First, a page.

BOISE, Idaho — Rolling up their sleeves and working side by side with family are two things at the core of a Made in Idaho business that's been fueling Idahoans for nearly 50 years.
The family behind Jacksons is from Homedale, and what started as your friendly neighborhood service station turned into a regional powerhouse with more than 200 locations across the country. CEO John Jackson opened the very first Jacksons back in 1975 in Caldwell.
"I was not afraid of hard work," Jackson said. "(We) got a second station about a year and a half after the first one--and just kept adding them one by one over the years."
John's two sons, Cory and Jeff, spent much of their childhood right here in the Treasure Valley working with their dad. When they got older, both decided to take part in the family business. They say they both have plenty of fond memories of being in the Jacksons stores with their dad.
"We used to play in the tires--I still remember the smell of the rubber," Cory laughed. "I got like three of my friends when we were sophomores in high school to help me paint a number of stores and it happened to be on homecoming day--so we went to the dance with white paint all over our hands."
"That was our quality time, driving around and spending time together--and you'd have some interesting stories to tell," Jeff remembered.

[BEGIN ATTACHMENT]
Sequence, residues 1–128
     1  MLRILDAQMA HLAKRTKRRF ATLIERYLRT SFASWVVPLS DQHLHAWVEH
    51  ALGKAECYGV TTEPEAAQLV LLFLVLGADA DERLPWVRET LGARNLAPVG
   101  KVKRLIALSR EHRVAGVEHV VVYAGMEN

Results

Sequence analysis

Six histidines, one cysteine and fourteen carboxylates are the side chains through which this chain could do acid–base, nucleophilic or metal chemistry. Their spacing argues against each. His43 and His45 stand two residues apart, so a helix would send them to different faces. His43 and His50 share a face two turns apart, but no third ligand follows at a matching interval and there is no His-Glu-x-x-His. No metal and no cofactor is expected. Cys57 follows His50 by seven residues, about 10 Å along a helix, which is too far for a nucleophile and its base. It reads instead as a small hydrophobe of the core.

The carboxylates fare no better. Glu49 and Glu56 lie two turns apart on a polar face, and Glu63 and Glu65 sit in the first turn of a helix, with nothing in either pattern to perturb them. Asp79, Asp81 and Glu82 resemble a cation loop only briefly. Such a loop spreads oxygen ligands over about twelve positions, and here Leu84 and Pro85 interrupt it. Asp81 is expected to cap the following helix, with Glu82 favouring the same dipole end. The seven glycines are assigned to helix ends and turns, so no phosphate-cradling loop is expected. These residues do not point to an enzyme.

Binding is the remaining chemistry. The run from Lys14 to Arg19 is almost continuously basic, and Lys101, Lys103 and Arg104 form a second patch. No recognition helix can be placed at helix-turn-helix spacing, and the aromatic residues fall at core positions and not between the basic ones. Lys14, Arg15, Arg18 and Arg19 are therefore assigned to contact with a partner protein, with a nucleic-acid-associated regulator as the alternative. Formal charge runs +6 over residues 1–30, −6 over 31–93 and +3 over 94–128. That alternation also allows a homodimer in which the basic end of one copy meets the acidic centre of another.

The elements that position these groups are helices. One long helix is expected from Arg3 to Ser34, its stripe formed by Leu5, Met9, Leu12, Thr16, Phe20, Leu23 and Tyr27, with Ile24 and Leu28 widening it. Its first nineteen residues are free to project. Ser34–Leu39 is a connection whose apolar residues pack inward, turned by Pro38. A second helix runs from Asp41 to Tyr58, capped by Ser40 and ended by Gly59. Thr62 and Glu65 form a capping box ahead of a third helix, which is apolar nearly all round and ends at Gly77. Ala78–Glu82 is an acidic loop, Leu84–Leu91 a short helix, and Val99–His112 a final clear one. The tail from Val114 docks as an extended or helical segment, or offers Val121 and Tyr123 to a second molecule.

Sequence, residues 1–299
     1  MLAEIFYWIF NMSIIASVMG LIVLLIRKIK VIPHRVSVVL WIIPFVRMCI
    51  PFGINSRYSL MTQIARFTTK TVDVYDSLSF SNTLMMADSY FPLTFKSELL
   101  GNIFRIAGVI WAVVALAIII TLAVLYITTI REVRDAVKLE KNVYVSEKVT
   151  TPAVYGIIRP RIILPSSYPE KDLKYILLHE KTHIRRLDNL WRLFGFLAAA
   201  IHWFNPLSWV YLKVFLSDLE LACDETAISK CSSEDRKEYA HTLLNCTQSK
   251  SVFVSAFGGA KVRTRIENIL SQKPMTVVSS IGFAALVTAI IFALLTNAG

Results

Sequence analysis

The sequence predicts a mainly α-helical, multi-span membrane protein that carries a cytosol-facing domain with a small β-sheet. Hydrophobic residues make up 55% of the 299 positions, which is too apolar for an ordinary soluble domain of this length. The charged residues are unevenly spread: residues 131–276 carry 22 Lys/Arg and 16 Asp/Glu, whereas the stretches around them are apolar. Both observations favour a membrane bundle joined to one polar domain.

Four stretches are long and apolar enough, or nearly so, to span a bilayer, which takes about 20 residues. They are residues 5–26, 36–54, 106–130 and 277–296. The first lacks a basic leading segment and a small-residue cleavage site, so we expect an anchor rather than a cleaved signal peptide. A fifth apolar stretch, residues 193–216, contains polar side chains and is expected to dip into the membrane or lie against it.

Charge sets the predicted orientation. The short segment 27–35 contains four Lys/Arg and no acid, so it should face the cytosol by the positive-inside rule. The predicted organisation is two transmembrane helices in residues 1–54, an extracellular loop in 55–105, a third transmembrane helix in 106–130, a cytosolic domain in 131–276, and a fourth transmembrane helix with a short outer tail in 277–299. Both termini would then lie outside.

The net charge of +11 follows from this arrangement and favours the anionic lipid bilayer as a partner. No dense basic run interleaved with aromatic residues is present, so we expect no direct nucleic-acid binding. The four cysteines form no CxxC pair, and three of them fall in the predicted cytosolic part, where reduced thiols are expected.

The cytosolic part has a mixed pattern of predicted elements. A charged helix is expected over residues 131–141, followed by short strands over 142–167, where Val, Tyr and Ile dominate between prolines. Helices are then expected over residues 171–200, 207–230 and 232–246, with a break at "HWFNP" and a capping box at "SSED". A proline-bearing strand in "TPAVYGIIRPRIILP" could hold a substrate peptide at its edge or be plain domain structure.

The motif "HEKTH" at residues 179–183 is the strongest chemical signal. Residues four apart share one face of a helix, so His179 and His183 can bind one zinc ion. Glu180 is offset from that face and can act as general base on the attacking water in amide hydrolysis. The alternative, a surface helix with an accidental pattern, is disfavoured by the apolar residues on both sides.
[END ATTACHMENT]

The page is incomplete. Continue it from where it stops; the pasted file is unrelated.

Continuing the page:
Despite the growth and success the company has seen, Jackson's family say they still stay true to their roots: always lending a hand, and treating their employees with kindness.
"Even on thanksgiving we'll come out and help out the stores and say hi to folks," said Jeff.
Store manager Deanna Roper started at Jacksons back in 2005 and worked her way up the ladder. She says working for a company that values its employees and its community has been amazing.
"The pride they instill in their employees, just because of all the amazing things they offer to the community and the phenomenal things they do for the community--we get to be part of that," Roper said.
John says starting a business hasn't always been easy, especially in the early days, but Jacksons pulled through the tough times the same way they do everything else: as a family.
"That's where you just had to be real careful about what you spent on your personal life because your business needed all the money you could save," John laughed. "The way you treat your coworkers is--they're like family to me. I think it's really important to transcend from the family you have with your core family to the people you work with as well."